graphs – Upper bound on the number of subgraphs in a tree

Is there an upper bound of the number of induced subgraphs in a tree (i.e., connected acyclic undirected graph)? The bound can be expressed in terms of vertices, edges, etc.

For example, consider the following graph $G$ represented as edge list: ${(S,T),(T,G),(T,B),(B,H),(H,Q)}$. The number of connected subgraph (i.e., tree) is (represented by the set of vertices): ${S}$, ${T}$, ${G}$, ${B}$, ${S,T}$, ${T,G}$, ${T,B}$, ${S,T,G}$, ${B,T,G}$,${S,T,B}$, ${S,T,G,B}$,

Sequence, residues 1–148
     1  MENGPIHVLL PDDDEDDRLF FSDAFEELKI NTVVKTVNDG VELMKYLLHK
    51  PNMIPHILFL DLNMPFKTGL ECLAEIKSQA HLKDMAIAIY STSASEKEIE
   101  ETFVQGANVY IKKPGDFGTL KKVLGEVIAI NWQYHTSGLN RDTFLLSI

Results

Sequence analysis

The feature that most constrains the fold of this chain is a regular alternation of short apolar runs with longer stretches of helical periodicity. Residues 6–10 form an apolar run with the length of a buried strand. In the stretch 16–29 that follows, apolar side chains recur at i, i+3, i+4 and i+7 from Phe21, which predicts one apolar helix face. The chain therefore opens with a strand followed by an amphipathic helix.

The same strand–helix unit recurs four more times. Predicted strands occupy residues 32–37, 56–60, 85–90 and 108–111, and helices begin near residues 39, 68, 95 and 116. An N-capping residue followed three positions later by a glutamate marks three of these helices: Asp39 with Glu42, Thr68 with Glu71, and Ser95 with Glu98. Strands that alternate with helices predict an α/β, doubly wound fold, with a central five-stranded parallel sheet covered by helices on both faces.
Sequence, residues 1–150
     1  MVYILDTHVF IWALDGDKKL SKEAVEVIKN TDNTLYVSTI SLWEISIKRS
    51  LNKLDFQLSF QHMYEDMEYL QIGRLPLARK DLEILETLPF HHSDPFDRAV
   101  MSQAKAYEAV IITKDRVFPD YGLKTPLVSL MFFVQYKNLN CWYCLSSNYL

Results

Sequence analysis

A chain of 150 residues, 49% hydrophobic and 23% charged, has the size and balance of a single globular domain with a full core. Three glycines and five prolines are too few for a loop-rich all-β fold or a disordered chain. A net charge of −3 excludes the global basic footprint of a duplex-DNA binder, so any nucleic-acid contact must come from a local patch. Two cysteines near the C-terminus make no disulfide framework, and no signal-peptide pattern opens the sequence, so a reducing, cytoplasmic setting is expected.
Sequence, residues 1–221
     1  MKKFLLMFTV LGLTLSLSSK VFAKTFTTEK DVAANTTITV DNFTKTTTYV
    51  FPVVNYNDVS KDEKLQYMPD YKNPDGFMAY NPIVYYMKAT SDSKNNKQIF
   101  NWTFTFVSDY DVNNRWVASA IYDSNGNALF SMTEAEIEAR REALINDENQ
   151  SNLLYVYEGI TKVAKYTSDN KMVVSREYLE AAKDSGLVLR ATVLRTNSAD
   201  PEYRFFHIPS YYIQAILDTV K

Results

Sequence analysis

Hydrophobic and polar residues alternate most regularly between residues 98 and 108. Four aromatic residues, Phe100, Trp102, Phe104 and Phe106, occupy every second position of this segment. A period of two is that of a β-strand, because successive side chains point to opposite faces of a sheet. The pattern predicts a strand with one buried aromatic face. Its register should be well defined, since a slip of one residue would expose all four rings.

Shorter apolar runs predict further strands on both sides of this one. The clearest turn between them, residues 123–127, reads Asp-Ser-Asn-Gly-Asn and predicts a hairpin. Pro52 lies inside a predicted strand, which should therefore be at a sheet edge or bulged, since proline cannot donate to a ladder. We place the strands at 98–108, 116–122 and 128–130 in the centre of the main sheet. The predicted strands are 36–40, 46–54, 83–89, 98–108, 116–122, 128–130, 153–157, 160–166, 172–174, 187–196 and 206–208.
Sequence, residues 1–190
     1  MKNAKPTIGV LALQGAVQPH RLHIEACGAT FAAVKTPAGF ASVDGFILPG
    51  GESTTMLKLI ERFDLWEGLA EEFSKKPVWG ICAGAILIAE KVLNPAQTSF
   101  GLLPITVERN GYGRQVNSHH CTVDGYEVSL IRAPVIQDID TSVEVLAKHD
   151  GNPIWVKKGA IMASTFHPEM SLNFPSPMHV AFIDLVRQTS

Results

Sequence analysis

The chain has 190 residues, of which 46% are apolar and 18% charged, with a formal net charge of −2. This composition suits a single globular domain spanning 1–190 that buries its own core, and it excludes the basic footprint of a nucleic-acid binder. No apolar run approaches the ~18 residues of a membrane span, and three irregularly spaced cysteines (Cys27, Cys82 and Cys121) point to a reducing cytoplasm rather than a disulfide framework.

${T,G,B,H}$,${T,B,H,Q}$, ${S,T,B,H}$,${S,T,B,H,G}$,${T,G,B,H,Q}$,${S,T,B,H,Q}$, and
${S,T,B,H,G,Q}$.

I find two seemingly relevant answer that can directly answer my questions 1 and 2 but I’m not sure.